IUPAC in their insufferable wisdom have created a systematic element name for any newly created element. This is the temporary name of an element until they finally make up their minds about an actual name. It works like so: each digit of an element number is assigned a prefix based on its value. The prefixes are concatenated with ‘ium’ at the end. When this is done and if you get double i’s (ii) or triple n’s (nnn), replace them with single i’s and double n’s. The symbol for the element is the first letter of each prefix used concatenated and result capitalized. The prefixes used are below.
0 nil 5 pent 1 un 6 hex 2 bi 7 sept 3 tri 8 oct 4 quad 9 enn
So for this golf, your code needs to generate both the element name and its symbol for a given positive integer. So if your code was given 137, it should print to stdout or return both
Uts. It should be valid from at least 118 to 558. Any higher is valid if it doesn't increase your code's length.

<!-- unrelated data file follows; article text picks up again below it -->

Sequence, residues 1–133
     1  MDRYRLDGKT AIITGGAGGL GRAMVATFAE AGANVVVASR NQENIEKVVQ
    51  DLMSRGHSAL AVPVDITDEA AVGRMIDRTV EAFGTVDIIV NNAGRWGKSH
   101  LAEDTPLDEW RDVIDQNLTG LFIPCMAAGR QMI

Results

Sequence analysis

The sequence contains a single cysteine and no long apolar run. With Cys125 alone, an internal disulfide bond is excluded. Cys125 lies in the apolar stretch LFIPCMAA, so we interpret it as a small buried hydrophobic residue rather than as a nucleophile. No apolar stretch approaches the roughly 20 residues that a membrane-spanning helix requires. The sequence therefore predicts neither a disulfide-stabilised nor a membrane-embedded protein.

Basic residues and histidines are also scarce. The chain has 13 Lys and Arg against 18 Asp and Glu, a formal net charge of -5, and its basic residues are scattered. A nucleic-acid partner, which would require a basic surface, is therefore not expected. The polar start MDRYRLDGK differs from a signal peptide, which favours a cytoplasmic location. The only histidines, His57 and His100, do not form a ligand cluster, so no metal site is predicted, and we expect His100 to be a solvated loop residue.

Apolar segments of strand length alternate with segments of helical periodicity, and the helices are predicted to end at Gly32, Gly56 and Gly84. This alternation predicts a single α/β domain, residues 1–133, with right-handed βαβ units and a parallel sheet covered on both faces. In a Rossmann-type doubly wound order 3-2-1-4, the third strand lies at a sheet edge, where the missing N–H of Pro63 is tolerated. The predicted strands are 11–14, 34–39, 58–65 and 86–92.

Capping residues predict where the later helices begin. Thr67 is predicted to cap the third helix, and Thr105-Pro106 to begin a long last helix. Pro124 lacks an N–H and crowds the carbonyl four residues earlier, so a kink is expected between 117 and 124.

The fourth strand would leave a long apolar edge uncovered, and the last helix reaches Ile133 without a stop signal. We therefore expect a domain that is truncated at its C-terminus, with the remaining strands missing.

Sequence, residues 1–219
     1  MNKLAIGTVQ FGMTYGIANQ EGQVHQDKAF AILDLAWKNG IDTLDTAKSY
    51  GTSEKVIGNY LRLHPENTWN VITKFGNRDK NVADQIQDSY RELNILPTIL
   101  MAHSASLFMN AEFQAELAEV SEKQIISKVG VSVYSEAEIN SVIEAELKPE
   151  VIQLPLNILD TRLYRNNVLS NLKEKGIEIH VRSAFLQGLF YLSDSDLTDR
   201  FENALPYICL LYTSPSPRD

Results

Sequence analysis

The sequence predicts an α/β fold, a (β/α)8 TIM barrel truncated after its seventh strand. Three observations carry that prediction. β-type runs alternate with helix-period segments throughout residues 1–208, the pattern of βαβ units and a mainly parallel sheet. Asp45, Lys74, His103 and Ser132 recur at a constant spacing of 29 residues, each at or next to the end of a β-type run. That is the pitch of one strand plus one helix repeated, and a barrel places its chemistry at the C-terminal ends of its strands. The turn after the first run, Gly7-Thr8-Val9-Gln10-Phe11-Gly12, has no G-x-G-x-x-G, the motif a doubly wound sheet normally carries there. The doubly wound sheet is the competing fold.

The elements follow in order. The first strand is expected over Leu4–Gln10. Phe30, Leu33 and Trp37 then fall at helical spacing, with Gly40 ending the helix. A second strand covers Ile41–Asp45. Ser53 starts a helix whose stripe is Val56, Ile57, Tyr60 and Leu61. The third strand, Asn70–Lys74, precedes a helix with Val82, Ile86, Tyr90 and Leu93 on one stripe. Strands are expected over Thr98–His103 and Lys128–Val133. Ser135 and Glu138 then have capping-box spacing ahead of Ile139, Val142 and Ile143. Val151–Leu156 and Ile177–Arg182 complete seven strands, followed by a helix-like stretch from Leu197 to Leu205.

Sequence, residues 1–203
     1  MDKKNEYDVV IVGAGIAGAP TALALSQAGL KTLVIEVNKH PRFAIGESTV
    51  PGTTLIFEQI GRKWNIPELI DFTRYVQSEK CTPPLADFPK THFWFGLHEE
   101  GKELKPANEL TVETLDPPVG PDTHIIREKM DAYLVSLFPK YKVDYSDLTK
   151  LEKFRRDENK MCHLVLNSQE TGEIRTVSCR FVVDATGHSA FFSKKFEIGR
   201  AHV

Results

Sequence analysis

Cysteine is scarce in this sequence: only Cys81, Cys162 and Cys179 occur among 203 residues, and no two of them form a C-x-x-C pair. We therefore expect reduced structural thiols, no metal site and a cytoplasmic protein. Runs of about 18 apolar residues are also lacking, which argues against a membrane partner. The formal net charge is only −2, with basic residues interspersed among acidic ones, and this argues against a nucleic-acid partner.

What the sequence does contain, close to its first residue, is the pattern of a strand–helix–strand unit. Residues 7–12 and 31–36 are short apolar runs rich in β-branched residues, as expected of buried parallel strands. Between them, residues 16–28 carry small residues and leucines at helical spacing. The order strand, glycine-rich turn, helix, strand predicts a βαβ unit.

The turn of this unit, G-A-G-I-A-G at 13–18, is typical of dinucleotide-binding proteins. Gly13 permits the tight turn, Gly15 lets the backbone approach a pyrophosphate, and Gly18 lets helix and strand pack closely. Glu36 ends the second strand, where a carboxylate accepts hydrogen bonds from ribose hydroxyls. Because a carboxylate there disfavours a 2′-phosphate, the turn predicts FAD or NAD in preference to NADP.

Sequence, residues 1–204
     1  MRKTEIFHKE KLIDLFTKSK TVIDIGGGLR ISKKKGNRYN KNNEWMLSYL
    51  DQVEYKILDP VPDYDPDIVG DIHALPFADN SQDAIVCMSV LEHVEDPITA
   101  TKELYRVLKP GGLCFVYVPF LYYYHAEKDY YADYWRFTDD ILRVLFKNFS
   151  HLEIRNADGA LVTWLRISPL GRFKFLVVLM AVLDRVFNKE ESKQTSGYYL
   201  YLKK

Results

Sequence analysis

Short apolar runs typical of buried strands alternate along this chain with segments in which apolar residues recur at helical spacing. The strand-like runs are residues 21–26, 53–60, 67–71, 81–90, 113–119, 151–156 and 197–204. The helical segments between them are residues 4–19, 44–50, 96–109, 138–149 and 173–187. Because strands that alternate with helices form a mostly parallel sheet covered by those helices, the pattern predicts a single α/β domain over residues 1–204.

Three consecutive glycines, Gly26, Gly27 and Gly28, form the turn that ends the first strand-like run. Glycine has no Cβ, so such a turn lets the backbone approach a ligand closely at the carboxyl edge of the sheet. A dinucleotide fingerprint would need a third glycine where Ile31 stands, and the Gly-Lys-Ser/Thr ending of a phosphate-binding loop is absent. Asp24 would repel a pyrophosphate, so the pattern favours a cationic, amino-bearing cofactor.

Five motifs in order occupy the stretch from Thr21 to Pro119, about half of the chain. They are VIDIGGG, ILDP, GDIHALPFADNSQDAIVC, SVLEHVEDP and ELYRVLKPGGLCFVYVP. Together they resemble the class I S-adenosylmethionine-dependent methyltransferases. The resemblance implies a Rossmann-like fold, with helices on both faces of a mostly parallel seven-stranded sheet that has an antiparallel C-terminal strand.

Python example showing the method:
def elename(n): '''Return name and symbol of new element for given element number.''' prefixes=['nil','un','bi','tri','quad','pent','hex','sept','oct','enn'] nmeFixes, symFixes = ,  while n: # each digit of element number is assigned a prefix n, i = divmod(n, 10) pf = prefixes[i] symFixes.append(pf) # symbol uses only first letter of prefix nmeFixes.append(pf) # loop assembled prefixes in reverse order nmeFixes.reverse() symFixes.reverse() nmeFixes.append('ium') # suffix name = ''.join(nmeFixes) symb = ''.join(symFixes).capitalize() # apply rule about too many n's or i's name = name.replace('nnn','nn') # can happen with -90- name = name.replace('ii','i') # -2ium or -3ium return name, symb
Eric Towers wins with cadmium bytes!